The VC revision of 1980, recognizable by its subtler eggcrate grille, would help partially rectify the VB’s biggest failings: its hoary old engines. The six cylinder heads were redesigned and each cylinder received its own intake and exhaust port. New camshafts, pistons, improved exhaust manifolds and a new carburetor and electronic ignition rounded out the changes, which improved power by 25% and fuel efficiency by 15%. As the improvements weren’t immediately visible in the engine bay, Holden painted the engine blocks blue. Thus, these revised engines were known as the “Blue” engines.
But the VC’s other mechanical change was ignominious. A new, ostensibly more economical base engine was fitted: a 1.9 four cylinder known as “Starfire” but popularly known as “Misfire”. This engine was created by lopping two cylinders off the aged 2.8 six, rather than developing a new engine or sourcing one from overseas. The Commodore four was criticized heavily for a poor power-to-weight ratio that negated any theoretical fuel savings. Curiously, this maligned engine was also used in locally-assembled Toyota Coronas of this period.
VC performance ranged from poor (Starfire four) to good (5.0 V8). The former was ‘good’ for a 0-60mph of approximately 17.5 seconds, while the range-topping 5.0 did it roughly 10 seconds. The VC generation also saw the first HDT – Holden Dealer Team, after famous racing driver Peter Brock’s company-sponsored racing team – with a special bodykit, tuned suspension and a souped-up 5.0, putting out 214hp. Just 500 of these were built, with the SL/E’s cushy velour interior and a choice of three Marlboro-inspired paint colors: Palais White, Firethorn Red or Tuxedo Black. Various engine modifications were done to yield the extra power, including larger valves, a reshaped combustion chamber, and a larger radiator. Out back, there was a heavy-duty limited slip differential. These were the progenitor of today’s HSVs, and they scooted pretty well in their day: 0-60 was roughly 8.4 seconds.
The Commodore effectively supplanted the larger Holdens after 1980, but it also spelled the end of the smaller Torana/Sunbird. Redesigned for 1974 and shedding a lot of its heritage Vauxhall underpinnings, the Torana/Sunbird (the latter nameplate was used on four-cylinder models) had crisp, European styling and did battle with the rear-wheel-drive Toyota Corona, Mitsubishi Sigma and Nissan Bluebird, as well as the Ford Cortina. However, its main point of difference was an optional V8. The UC revision of 1978 would see the axing of that V8, though, to give the Commodore some breathing room, although the UC would enjoy quite competent handling thanks to GM-H’s new Radial Tuned Suspension.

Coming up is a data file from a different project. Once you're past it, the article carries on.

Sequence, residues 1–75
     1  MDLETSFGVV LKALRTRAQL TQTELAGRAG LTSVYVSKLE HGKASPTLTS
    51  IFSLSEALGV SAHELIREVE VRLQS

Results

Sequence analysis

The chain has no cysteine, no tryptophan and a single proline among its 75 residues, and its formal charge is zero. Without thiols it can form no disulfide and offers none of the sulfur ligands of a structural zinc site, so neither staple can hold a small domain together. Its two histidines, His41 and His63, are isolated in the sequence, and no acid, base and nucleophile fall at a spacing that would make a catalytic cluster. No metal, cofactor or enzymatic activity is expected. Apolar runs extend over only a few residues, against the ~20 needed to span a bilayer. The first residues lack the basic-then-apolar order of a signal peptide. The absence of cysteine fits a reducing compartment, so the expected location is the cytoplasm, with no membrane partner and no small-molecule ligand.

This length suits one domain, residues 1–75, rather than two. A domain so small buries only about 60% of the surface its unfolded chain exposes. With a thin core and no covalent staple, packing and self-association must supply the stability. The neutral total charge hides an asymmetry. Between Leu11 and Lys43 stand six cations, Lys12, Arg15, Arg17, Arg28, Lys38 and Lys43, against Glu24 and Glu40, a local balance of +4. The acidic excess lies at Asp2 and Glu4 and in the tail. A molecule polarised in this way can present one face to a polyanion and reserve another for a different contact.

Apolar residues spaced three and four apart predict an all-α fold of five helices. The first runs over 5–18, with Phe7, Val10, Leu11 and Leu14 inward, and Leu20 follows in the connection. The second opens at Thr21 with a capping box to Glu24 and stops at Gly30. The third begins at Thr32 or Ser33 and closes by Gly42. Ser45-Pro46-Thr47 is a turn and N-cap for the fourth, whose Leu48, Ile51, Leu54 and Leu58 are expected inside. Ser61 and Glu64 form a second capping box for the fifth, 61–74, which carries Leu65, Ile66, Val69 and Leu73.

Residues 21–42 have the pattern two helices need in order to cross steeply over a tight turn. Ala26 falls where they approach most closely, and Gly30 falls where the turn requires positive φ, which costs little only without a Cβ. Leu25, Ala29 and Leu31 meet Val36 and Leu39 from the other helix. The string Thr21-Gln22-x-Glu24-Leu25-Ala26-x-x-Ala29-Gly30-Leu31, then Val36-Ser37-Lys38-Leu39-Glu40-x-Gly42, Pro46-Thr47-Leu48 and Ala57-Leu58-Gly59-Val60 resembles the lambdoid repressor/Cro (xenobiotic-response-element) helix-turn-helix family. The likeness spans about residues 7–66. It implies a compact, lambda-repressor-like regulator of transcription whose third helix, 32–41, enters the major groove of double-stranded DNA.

Therein lay the rub. Holden quickly realised there was no space for both the Torana/Sunbird and the Commodore, especially with the VC’s new base four-cylinder. Although the Commodore was bigger than the Torana/Sunbird and certainly more space efficient owing to its more modern design, it was not remarkably bigger than the very cars its little brother competed with. This small footprint had been desirable during the time of rising fuel prices, but what goes up must come down.
Of course, what happened in the US in the early 1980s also happened in Australia. The easing of the fuel crisis allayed consumers’ concerns about buying larger cars. Suddenly, the Falcon – which had never been downsized – looked a lot more appealing to Aussie buyers who had become accustomed to full-size sedans. The trimmer Commodore was thus squeezed in between the four-cylinder intermediates, which were growing with each generation, and the comfortably-sized Falcon. The end result was Falcon would leapfrog Commodore for the sales chart gold in 1982, and would hold that spot all the way until 1989.
Holden would revise the Commodore three more times during the 1980s before a new platform, once again provided by Opel, would be available. Each time, there was an emphasis put on making the Commodore look larger and more substantial. Between 1978 and 1981, Holden manufactured 217,713 VB and VC Commodores. Commodores were always popular with families, fleets and governments, so a lot of them have been rode hard and put out wet. Not to mention, rust-proofing wasn’t great. Next time, I hope to look at the VH Commodore, the car I, like many Australians of my generation, grew up in the back seat of.
Post script: Yes, that is my former chariot looming large in the background of the first shot. I took those photos a couple of years ago.